In the first part of this series, I emphasized that in 3GPP Release 15, a major focus is to get a first incarnation of 5G into the field that complements 4G LTE. Instead of today’s approach where a device is either connected to GSM, or to UMTS or to LTE, i.e. only to one technology at a time, things will be different in 5G. Due to the higher frequencies bands used and other reasons (see part 1) it was deemed better to enable mobile devices to connect to LTE and 5G New Radio (NR) simultaneously. This is referred to as Dual Connectivity EN-DC. So how will this work in practice?
So let’s first have a look at the acronym. EN-DC stands for ‘E-UTRAN New Radio – Dual Connectivity’. E-UTRAN is of course LTE in everyday speak and New Radio (NR) is the 5G radio network. The way simultaneous LTE and NR connectivity will work is described a bit off the beaten path in 3GPP TS 37.340 which deals exclusively with E-UTRAN and NR multi-connectivity (note: the word ‘multi’ does not limit connectivity to 2 like ‘dual’ does…). The specification describes a number of different options for multi-connectivity but I will only look at LTE/NR dual connectivity with a ‘traditional’ LTE core network. I think it is likely that such a configuration will be deployed in practice first, followed, perhaps a few years down the line, with a configuration that includes a 5G core network.
EN-DC with an LTE Core Network
Having said all of this lets have a closer look at two diagrams from TS 37.340 included in this post. The first one above shows the EN-DC control (C-) plane. Those of you familiar with LTE will immediately recognize the LTE core network control node, the MME (Mobility Management Entity). The MME exclusively communicates to the LTE base station, the eNodeB (eNB), and is not concerned at all with the 5G base station, the gNB. As said above, there is no 5G core network! In the diagram, the base stations have slightly different names. The LTE eNB is referred to as the MeNB to indicate that it is the ‘Master’ (M) base station controlling the ‘Secondary’ (S) 5G NR base station. The S1 and X2 interfaces are also already known from LTE.
The second diagram shows how user data, i.e. IP packets, flow between the base stations and the core network. Again the S1 interface is used for the purpose. In the diagram, both the MeNB and the SgNB have an S1-U (User) interface. For transferring data to a single user, however, only one S1-U connection is used. In other words, the data for a user is either exchanged between the LTE Serving-Gateway (S-GW) and the LTE base station or with the NR base station but not with both at the same time! Let’s say the user data is exchanged by the S-GW with the 5G SgNB and the UE exchanges user data with the SgNB and the MeNB simultaneously which is the whole point of EN-DC. In this scenario, the 5G SgNB forwards a part of the user data stream that arrives from the core network via the X2 (-U) interface to the MeNB. This concept is also referred to as a ‘split bearer’ and, as an interesting side note, was already introduced in 3GPP Release 12 but never really used to transmit data simultaneously from an LTE macro and LTE small cell that are interconnected over a ‘non-ideal’ backhaul. Its important to note a split bearer is not that same as LTE carrier aggregation because the air interface schedulers in the MeNB and SgNB are independent of each other and can decide on their own when and how their share of data is transferred.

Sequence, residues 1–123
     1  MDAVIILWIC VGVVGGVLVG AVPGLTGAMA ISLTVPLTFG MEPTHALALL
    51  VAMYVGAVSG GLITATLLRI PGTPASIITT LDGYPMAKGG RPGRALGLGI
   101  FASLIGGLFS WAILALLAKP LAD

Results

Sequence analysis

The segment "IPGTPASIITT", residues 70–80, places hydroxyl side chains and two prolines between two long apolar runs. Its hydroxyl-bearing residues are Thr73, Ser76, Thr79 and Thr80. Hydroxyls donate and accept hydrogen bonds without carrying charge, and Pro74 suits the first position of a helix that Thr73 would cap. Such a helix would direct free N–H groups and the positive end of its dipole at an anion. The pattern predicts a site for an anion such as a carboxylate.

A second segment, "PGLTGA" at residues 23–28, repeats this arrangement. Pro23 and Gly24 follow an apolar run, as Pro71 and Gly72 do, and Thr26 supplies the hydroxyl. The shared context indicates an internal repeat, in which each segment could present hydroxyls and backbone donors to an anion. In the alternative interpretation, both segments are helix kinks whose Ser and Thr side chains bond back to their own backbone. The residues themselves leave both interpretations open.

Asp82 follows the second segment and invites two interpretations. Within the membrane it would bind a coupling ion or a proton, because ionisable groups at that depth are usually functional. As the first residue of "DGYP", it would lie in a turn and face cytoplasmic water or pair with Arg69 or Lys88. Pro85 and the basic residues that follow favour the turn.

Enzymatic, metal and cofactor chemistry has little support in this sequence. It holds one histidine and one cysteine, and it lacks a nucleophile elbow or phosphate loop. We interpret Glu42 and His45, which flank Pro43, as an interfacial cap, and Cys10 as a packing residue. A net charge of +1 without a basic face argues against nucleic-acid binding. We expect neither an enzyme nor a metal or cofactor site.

While the transfer of data is split between LTE and NR, control of dual-connectivity is always in the hands of the eNB. When a mobile device wants to exchange data with the network it establishes a connection with the LTE network. If the eNB has an ‘integrated’ gNB and if the mobile device indicates support for EN-DC on the frequency band the gNB is operated on, the LTE eNB will instruct the mobile device to make measurements on the NR channel. If a signal is found the eNB will then communicate to the gNB and give it all necessary parameters to establish a connection to the mobile device as well. Once the gNB confirms the connection setup, the eNB will then forward a part of the incoming user data the the 5G gNB for transmission to the mobile. Optionally, the eNB can then ask the core network S-GW to directly exchange user data with the gNB. In this case the gNB will then forward a part of the user data to the eNB. The signaling flows of this scenario and also for other important scenarios such as handovers due to user mobility can also be found in TS 37.340. Have a look there if you are interested in further details.
Single RAN Thoughts
Before closing for today there is one more point I would like to make on why this kind of dual-connectivity is easier to achieve as it would have been 10 years ago with 3G and 4G. Back then LTE hardware and software especially at the base station site was completely separate, hence, communication between the 3G NodeB and 4G eNodeB would have been quite difficult. Fast forward to today and things in the radio network are quite different. Most network operators that are interested in 5G have switched to a ‘single-RAN’ infrastructure. This means that at the base station site, the RF and digital modules run the 2G GSM, 3G UMTS, 4G LTE and, in the future, 5G NR software at the same time on the same physical hardware. In other words, the X2 interface between the eNB and the gNB is likely to be virtual rather than physical.
Oh yes, and there is one more thing: Directly connecting a 5G gNB to a 4G core network is referred to in the specifications as Non-Standalone Architecture (NSA) vs. a standalone architecture (SA) that requires a 5G core network to be in place. NSA!? I wonder who came up with this acronym which most people associate with something quite different…
One thought on “5G – Part 3 – Dual Connectivity (EN-DC)”
There’s also FS_NSA, the feasibility study for New Security Architecture in 3GPP 😉
Comments are closed.